Sadly, but not unexpectedly, one issue has dominated, and continues to dominate all discussion of the peace plan. This is neither the plan’s substantive content nor the Palestinian refusal to consider it on its merits. But it is rather the possibility, in light of the Palestinian boycott of the plan, that Israel might unilaterally apply its sovereignty to those parts of the territories foreseen by the plan to become part of Israel.
The international community and specifically the European states, after having closed a blind eye to the Palestinian boycott of the peace plan, are not really in the position to criticize and condemn Israel for considering ways to realize those components of the plan that are ultimately intended to apply to Israel.
Israel’s declared intentions have been greeted by a major international outcry of condemnations and threats against Israel of undermining the peace process, of generating instability and violence and of violating international law. All this without Israel having in fact done anything except make declarations, as politically unwise as that may be.
Regrettably and curiously, no such outcry emanated from that same international community in light of the Palestinian obstruction of a genuine effort to advance toward a viable peaceful relationship.
This is a clear and unacceptable double standard.
After having rejected the peace plan, the Palestinian leadership and the international community cannot, with clean hands, condemn Israel for declaring its aims to apply parts of the plan relating to sovereignty when they themselves are undermining any chance of entering into negotiation on the plan.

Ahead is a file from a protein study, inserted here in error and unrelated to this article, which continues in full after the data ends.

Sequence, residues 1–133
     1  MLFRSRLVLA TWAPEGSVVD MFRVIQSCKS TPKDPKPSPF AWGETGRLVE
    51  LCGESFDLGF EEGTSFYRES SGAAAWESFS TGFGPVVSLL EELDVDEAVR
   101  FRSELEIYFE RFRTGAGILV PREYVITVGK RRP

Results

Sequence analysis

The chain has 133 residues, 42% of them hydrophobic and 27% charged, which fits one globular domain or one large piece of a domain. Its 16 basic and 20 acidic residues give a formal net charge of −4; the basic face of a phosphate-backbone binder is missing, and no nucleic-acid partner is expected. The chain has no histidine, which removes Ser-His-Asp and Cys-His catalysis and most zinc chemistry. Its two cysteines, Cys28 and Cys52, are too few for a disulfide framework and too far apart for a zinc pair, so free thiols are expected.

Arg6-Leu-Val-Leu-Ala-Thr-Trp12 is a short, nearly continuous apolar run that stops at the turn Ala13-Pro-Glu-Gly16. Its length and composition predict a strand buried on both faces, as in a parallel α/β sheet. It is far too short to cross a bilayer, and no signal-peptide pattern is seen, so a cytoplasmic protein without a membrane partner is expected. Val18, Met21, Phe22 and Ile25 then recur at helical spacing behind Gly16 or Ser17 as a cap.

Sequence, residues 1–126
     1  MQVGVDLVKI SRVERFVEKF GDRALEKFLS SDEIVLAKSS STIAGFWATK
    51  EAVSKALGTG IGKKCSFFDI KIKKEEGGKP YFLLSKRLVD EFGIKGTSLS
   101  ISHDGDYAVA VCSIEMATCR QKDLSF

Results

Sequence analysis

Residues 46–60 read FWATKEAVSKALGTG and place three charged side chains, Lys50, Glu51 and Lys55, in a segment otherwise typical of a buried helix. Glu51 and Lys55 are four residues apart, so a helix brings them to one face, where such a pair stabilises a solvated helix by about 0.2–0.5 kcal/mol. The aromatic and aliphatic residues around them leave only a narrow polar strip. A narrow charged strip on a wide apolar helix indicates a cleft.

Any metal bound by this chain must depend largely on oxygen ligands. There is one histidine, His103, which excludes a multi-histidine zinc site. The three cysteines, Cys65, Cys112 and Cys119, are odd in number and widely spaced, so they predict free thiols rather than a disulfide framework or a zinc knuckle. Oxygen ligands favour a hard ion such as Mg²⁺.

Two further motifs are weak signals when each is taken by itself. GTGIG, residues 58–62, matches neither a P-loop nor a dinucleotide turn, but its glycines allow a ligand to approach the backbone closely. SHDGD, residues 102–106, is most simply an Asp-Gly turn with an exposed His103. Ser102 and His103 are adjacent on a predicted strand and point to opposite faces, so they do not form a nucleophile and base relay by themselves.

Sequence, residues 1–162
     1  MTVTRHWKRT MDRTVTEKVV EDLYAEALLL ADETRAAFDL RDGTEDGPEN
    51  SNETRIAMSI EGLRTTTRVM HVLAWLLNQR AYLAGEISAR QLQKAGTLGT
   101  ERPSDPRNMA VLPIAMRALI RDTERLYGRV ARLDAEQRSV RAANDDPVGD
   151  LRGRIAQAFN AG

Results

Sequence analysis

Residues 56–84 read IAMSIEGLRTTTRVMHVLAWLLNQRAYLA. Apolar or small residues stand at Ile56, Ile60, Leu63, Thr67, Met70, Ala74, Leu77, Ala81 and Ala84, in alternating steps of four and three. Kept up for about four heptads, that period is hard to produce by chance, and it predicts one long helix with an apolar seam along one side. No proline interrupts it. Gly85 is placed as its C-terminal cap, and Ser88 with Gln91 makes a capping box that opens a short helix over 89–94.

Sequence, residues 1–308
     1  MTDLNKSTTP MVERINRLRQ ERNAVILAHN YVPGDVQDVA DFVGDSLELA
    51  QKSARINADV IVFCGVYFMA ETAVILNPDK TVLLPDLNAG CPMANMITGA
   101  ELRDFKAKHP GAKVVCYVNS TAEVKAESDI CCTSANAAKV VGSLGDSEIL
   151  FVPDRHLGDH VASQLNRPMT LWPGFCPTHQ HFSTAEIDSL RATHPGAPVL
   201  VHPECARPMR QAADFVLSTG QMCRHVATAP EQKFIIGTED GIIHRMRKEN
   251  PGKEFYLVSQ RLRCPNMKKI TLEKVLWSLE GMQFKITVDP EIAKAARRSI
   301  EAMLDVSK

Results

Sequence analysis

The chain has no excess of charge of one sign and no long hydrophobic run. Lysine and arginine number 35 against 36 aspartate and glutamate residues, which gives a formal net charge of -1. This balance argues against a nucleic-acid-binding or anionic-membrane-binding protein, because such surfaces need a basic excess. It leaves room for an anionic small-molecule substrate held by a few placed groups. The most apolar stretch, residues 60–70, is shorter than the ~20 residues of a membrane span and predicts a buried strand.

The Palestinians cannot have their cake and eat it. If they reject out-of-hand the Trump peace plan without even considering it and without even expressing a modicum of willingness to negotiate it, then they are stopped from condemning Israel for considering implementation of parts of the plan.
The Palestinian leadership cannot exercise an indefinite right of veto over peace negotiations.
Had they used political wisdom from the start and welcomed the plan as a basis for negotiation, then the issue of unilateral application of sovereignty by Israel would most likely not have arisen.
The writer, who has served as the legal adviser to Israel’s foreign ministry and as Israel’s ambassador to Canada, presently heads the International Law Program and Global Law Forum at the Jerusalem Center for Public Affairs.